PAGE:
While healthcare entities have been in the bullseye for ransomware attacks in 2016, many of these incidents have yet to show up on the wall of shame as reported breaches. That includes a ransomware attack earlier this year on Hollywood Presbyterian Medical Center, which admitted paying about $17,000 to unlock data encrypted by hackers.
Steps to Take
Experts say covered entities and business associates can take a number of steps to avoid falling victim to hacker attacks and other breaches that can land them on the federal tally.
That includes conducting a comprehensive, enterprisewide security risk analysis. "Fortunately, we are seeing more and more organizations get serious about conducting HIPAA risk assessments. However, a common mistake is to limit the scope of the [risk analysis] to policies and procedures, and not go deep enough into the technical vulnerabilities that may exist in the overall infrastructure," Berger says.
"We routinely recommend both external and internal penetration testing, wireless assessments and social engineering as an integral part of a [risk analysis] so that the scope more accurately mimics the attack vectors used by real cybercriminals."
Herold recommends organizations strengthen authentication. "Ideally all CEs and BAs should use two-factor authentication, which would prevent these exploits of horribly weak passwords," she says. "Realizing some old, legacy systems may not allow for two-factor authentication, then at the very least organizations should establish a minimum password requirement of a complex password that includes upper and lower case alphas, numerals and special characters. The data leaked from points of compromise shows that the passwords used were about as weak as they could have possibly been."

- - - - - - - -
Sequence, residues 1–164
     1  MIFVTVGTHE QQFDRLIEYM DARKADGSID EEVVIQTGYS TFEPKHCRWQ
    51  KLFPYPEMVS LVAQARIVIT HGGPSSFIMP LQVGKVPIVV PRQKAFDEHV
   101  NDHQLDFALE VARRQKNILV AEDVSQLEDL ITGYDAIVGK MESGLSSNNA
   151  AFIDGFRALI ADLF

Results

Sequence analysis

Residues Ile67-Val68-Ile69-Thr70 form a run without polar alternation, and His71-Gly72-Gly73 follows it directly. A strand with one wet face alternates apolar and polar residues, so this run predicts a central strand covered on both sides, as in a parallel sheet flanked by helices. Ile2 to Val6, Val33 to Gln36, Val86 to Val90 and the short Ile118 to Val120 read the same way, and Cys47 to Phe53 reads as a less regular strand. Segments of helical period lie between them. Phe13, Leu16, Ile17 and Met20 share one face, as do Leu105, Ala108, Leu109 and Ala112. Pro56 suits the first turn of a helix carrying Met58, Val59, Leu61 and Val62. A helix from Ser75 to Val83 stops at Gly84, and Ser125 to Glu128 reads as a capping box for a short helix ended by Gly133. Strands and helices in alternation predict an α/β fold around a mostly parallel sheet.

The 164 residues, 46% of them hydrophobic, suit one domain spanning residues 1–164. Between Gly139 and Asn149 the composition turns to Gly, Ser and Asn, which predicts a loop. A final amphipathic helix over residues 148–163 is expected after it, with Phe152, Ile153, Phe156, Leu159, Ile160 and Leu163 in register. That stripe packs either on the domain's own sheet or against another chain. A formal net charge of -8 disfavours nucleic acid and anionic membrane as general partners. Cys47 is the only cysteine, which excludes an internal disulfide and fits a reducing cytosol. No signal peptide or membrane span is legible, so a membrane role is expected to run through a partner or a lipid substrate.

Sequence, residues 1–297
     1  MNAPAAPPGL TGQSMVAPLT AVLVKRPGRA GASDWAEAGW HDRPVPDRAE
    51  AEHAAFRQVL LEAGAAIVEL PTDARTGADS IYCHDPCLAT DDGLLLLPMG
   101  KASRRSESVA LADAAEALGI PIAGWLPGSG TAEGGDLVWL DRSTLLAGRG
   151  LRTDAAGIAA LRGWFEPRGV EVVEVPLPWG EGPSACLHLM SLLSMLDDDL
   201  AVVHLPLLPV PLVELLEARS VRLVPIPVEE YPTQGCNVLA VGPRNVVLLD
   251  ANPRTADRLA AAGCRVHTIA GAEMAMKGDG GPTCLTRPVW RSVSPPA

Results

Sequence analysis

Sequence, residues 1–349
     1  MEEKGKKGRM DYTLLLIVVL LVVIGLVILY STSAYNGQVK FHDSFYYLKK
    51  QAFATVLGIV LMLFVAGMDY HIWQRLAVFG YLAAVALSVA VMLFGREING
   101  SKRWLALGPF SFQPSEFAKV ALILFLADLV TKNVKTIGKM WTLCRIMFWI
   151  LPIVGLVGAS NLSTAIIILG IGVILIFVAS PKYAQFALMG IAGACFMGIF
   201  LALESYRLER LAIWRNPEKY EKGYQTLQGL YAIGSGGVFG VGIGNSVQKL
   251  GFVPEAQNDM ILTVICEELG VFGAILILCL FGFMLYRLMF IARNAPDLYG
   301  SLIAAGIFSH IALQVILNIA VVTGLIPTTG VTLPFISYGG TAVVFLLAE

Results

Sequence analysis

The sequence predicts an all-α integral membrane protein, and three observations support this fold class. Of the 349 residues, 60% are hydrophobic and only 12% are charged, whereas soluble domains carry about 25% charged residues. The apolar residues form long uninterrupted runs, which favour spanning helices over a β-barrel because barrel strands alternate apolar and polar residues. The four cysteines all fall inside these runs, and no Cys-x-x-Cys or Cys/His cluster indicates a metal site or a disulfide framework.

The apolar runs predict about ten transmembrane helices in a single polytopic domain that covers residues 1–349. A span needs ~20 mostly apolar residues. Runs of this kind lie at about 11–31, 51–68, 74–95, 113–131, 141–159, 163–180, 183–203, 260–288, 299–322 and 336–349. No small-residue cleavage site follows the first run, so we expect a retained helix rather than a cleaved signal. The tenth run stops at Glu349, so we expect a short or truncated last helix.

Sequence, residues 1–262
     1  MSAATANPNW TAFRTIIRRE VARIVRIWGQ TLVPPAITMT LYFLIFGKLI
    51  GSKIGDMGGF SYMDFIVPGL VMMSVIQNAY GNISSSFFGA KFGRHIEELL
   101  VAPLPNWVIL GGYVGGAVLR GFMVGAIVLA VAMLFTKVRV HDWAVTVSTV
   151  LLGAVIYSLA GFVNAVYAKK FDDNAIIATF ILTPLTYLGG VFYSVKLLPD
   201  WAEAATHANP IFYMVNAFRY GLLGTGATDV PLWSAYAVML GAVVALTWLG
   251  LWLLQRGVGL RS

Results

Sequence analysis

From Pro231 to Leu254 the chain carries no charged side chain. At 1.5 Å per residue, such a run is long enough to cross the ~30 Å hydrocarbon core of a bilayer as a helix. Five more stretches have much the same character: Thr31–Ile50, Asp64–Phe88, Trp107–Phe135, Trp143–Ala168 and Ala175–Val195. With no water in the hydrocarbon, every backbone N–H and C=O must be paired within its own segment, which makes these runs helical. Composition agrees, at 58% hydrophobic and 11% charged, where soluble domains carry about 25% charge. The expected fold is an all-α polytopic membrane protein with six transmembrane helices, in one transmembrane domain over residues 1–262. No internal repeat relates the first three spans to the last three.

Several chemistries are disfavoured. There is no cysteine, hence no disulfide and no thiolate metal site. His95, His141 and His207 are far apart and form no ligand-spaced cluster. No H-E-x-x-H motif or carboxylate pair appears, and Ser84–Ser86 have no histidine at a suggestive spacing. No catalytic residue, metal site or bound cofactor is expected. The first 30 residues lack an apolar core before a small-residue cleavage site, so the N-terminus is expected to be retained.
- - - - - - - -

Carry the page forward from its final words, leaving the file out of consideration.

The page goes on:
It's also critical to provide not only effective information security and privacy training to employees, "but also send out frequent reminders of what employees need to do to secure data while performing their daily work activities," she says.